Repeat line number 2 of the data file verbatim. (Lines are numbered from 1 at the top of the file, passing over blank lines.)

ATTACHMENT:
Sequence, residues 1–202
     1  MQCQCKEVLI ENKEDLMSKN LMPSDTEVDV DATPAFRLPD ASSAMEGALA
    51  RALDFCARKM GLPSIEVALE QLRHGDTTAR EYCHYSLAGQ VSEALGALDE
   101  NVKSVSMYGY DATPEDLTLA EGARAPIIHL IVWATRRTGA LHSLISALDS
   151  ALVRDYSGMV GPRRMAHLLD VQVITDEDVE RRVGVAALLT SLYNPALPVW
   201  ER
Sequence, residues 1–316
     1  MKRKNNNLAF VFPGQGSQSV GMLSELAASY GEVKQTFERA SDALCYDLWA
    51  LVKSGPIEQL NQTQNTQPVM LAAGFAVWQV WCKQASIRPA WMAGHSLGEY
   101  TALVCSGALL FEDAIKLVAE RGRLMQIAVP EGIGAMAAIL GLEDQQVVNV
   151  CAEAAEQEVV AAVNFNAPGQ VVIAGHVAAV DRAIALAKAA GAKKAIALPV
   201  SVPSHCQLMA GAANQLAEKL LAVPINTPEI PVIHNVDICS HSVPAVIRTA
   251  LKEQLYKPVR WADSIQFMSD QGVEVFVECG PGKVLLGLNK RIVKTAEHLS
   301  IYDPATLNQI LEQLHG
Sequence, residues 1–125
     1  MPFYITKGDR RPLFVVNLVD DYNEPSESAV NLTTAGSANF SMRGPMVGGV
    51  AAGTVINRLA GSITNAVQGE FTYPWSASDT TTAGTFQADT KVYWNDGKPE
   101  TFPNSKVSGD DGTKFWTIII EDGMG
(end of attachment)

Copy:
     1  MQCQCKEVLI ENKEDLMSKN LMPSDTEVDV DATPAFRLPD ASSAMEGALA